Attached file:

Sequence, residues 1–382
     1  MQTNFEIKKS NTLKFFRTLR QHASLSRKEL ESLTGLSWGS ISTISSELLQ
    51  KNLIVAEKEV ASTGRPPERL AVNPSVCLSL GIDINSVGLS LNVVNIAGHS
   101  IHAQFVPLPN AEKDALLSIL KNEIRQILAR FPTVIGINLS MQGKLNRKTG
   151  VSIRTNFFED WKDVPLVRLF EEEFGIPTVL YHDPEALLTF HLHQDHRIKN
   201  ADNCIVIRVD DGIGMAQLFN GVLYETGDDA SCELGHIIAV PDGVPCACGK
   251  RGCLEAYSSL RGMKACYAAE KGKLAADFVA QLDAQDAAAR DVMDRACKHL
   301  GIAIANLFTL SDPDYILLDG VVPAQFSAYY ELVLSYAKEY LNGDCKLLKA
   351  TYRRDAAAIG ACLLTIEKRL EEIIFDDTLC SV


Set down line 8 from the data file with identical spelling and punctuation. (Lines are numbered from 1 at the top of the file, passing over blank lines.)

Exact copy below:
   301  GIAIANLFTL SDPDYILLDG VVPAQFSAYY ELVLSYAKEY LNGDCKLLKA